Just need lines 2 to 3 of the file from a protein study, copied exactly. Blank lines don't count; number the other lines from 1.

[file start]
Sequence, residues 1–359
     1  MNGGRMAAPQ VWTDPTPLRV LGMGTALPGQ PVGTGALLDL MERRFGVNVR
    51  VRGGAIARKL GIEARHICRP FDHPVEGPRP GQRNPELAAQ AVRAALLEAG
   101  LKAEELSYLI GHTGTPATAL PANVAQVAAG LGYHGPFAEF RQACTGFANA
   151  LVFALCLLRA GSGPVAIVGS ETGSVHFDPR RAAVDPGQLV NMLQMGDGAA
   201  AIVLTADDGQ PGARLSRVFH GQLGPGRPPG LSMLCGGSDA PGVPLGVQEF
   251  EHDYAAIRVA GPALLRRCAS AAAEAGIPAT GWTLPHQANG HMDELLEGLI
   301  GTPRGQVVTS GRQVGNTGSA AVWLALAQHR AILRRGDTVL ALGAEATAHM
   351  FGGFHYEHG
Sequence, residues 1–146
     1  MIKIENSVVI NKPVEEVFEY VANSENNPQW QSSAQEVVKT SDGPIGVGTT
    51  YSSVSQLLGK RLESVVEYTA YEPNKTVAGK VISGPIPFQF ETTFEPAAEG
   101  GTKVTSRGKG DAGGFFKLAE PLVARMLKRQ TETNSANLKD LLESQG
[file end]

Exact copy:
     1  MNGGRMAAPQ VWTDPTPLRV LGMGTALPGQ PVGTGALLDL MERRFGVNVR
    51  VRGGAIARKL GIEARHICRP FDHPVEGPRP GQRNPELAAQ AVRAALLEAG